Indiana’s fourth- and eighth-grade students continued a years long decline in math and reading scores according to The Nation’s Report Card, averaging scores that were below proficiency but slightly ahead national average.
The report is a product of the National Assessment of Educational Progress, which began producing the report in 1969. NAEP math and reading tests are administered every two years but were last taken in 2019 due to the COVID-19 pandemic.
The NAEP reported an overall decline in student performance in the United States from 2019 to 2022, which has been widely attributed to the disruption in classroom teaching due to the COVID-19 pandemic.
“Much like we’re seeing with our Indiana-specific assessments, we know that students’ learning was significantly impacted by the pandemic,” Katie Jenner, Indiana Secretary of Education, said in a statement. “In response, educators, communities and families are now coming together like never before to help students accelerate their learning.”
The Nation’s Report Card measures math and reading on 281 a 500-point scale. A score of 243 is basic, 281 is proficient, and 323 is advanced. Indiana fourth- and eighth-graders scored below proficient in both math and reading. Indiana’s scores in both subjects have been in decline since at least 2015.
Indiana’s grade four math score is 239, down from 247 in 2019. The national average is 235.
The grade four reading score is 217, down from 222 in 2019. The national average is 216.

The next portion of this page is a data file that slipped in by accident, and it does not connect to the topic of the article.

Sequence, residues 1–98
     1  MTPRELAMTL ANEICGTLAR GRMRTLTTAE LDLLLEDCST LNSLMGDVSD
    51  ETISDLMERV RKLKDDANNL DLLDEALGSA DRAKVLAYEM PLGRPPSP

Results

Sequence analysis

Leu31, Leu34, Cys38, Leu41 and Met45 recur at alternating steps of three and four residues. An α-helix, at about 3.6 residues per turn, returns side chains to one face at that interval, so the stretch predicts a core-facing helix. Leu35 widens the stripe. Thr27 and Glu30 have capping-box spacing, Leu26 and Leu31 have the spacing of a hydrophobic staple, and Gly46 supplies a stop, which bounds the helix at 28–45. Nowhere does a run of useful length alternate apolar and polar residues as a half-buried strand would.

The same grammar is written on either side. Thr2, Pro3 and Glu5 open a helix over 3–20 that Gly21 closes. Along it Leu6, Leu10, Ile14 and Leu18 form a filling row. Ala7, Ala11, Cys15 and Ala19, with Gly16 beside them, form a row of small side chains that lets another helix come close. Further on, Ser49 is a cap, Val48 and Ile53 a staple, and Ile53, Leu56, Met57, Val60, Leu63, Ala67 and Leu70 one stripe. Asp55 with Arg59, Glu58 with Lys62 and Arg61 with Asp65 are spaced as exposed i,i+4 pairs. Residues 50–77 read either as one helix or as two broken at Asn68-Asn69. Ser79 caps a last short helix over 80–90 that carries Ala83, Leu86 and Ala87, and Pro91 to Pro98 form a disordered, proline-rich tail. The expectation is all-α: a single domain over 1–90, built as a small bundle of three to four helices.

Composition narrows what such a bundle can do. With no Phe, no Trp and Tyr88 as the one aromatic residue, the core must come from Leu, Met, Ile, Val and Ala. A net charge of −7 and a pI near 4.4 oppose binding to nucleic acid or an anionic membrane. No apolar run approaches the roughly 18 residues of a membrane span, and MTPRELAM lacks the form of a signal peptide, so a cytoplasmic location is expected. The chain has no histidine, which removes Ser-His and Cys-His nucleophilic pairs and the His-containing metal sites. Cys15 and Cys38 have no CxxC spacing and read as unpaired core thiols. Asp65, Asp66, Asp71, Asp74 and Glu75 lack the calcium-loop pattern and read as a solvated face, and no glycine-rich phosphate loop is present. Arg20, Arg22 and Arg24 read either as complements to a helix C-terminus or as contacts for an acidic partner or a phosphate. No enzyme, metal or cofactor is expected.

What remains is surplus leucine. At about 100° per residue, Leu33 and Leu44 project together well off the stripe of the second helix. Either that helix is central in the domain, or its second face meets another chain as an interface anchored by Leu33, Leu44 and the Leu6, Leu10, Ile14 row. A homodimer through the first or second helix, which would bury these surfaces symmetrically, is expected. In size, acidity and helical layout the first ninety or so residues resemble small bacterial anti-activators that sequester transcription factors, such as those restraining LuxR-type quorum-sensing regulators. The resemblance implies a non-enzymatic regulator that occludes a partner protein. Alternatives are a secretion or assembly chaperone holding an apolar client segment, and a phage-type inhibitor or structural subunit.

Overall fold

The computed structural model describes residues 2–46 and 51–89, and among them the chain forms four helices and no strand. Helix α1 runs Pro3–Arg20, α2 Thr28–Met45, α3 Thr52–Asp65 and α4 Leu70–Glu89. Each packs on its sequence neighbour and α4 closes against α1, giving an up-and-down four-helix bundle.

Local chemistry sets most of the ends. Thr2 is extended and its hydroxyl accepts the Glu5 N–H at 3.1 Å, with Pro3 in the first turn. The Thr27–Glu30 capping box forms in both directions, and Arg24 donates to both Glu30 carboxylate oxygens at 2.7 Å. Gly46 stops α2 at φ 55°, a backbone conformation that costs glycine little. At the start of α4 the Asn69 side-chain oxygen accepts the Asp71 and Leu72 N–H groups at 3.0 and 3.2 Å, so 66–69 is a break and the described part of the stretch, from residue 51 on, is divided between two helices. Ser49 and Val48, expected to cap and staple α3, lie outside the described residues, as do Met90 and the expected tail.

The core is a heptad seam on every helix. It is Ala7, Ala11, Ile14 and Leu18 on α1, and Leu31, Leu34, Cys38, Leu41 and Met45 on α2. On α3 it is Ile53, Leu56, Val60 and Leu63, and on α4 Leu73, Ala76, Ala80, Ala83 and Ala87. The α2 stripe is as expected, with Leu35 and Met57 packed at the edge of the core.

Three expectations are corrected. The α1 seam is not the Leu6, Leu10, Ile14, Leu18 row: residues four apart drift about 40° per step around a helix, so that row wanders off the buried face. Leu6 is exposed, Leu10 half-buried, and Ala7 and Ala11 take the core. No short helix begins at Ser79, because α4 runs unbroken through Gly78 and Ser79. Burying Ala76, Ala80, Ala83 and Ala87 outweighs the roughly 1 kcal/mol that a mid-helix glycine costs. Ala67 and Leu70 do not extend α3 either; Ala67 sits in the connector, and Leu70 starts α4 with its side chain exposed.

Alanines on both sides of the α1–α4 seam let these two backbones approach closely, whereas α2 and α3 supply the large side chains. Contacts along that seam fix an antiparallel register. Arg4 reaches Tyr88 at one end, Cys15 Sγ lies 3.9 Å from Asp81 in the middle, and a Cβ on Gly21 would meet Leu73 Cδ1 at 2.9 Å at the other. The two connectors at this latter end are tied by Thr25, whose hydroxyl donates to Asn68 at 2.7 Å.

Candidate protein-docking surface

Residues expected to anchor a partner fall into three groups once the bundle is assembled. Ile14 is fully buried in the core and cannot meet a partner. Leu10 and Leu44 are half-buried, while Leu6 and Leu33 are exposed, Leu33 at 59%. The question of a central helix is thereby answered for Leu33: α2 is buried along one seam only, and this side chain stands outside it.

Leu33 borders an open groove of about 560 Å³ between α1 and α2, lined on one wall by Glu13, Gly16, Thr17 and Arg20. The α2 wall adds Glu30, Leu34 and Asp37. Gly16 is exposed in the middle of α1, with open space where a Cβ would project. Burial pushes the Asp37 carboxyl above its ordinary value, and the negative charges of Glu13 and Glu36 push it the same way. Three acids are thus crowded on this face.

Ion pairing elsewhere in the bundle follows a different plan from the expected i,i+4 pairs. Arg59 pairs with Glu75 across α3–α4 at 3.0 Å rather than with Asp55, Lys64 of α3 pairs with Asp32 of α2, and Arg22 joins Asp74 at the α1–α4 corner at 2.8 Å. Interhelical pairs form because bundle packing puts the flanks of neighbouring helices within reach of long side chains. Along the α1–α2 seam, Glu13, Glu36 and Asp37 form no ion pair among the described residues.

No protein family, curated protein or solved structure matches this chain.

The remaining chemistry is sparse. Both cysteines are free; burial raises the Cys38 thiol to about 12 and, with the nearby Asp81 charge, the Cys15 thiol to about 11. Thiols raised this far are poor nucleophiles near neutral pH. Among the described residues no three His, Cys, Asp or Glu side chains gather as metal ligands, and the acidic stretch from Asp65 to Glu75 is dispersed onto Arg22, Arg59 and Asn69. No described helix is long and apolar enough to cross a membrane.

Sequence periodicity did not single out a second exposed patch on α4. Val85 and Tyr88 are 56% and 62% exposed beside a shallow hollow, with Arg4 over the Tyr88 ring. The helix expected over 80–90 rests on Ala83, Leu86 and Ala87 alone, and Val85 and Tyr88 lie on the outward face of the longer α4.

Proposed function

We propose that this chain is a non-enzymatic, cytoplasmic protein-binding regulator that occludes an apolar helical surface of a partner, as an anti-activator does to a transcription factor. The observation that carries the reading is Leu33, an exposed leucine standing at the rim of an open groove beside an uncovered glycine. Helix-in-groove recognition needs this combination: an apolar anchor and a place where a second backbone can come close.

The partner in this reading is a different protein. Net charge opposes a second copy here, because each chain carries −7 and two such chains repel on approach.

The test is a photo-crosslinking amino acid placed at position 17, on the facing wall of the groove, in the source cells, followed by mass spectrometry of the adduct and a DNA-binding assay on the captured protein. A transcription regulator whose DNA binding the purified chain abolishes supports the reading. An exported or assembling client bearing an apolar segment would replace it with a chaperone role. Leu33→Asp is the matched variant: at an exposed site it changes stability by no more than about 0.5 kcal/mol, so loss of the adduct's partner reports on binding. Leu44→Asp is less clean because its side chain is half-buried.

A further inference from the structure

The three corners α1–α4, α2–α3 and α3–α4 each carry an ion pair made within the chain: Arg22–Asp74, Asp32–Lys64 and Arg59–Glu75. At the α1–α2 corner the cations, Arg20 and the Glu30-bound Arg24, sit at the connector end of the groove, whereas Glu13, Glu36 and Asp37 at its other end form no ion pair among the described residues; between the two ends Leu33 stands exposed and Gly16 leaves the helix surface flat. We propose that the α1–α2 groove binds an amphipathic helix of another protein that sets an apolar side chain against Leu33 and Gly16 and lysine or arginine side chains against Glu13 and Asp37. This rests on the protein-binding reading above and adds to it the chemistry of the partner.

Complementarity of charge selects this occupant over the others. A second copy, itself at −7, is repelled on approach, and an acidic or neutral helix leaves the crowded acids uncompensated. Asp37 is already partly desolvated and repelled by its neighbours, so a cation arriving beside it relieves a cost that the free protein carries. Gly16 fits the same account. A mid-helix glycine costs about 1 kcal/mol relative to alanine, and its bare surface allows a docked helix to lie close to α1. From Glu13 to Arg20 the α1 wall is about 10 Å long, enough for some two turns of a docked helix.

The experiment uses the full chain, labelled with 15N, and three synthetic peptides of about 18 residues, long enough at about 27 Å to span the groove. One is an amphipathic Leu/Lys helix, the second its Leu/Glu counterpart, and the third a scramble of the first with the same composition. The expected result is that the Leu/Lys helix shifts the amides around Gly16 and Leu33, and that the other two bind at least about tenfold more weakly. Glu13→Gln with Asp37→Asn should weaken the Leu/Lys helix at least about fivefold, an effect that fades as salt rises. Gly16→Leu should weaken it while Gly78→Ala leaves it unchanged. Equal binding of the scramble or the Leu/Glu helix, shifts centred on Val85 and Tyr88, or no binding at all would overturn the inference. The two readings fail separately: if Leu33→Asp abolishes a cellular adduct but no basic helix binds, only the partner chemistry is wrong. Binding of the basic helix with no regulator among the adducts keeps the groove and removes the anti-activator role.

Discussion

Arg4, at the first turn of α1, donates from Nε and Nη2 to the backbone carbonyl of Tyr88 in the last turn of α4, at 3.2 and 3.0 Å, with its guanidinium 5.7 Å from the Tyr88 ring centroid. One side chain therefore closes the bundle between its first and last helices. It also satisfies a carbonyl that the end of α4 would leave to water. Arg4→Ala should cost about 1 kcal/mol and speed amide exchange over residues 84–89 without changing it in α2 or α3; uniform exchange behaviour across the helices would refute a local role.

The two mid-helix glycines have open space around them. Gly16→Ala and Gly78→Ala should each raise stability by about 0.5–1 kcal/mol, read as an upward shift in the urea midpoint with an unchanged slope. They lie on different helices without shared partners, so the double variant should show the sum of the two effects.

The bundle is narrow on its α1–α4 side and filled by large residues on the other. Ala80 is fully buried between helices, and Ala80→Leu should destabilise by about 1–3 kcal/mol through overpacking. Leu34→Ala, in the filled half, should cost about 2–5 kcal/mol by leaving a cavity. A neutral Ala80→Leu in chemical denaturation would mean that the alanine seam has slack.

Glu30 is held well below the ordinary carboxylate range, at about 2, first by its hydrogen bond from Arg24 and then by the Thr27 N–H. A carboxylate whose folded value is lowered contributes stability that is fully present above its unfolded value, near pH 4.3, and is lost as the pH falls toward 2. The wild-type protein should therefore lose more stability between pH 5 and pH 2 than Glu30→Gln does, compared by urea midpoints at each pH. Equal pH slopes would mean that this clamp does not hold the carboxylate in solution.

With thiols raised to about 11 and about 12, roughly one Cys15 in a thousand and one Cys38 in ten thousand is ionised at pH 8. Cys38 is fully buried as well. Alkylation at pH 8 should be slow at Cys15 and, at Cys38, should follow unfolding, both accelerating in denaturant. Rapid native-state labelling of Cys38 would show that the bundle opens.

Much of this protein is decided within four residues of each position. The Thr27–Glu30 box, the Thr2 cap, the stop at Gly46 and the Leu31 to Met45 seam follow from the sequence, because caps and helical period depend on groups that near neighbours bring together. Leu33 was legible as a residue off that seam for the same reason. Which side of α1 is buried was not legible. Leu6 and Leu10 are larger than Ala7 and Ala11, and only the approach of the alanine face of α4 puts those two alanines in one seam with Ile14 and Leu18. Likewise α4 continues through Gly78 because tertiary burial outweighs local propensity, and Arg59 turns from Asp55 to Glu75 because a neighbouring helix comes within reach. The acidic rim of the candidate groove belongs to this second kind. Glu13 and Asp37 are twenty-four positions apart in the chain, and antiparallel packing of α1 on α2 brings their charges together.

The grade eight math score is 279, down from 286 in 2019. The national average is 273.
The grade eight reading score is 261, down from 266 in 2019, the national average is 259.
Among fourth-graders, 59% of white students, 18% of black students and 28% of Hispanic students scored at or above the proficient level in math, as did 56% of boys and 40% of girls.
In fourth-grade reading, 48% of white students, 17% of black students, and 34% of Hispanic students scored at or above the proficient level, as did 41% of boys and 42% of girls.
Among eighth-graders, 48% of white students, 7% of black students and 22% of Hispanic students scored at or above the Proficient level in math, as did 40% of boys and 33% of girls.
In eighth-grade reading, 40% of white students, 13% of black students, and 23% of Hispanic students scored at or above the proficient level, as did 29% of boys and 39% of girls.
To address the sharp decline over the past four years, the Indiana DOE began offering grants of $1,000 to be used for tutoring or other academic programs in math and English/Language.
In August, Gov. Eric Holcomb and Jenner announced a $111 program of private and public spending to reverse the decade long slide in reading scores measured by the I-READ assessment, which peaked at 91.4% and now stands at 81.6%.
This article originally appeared on The Center Square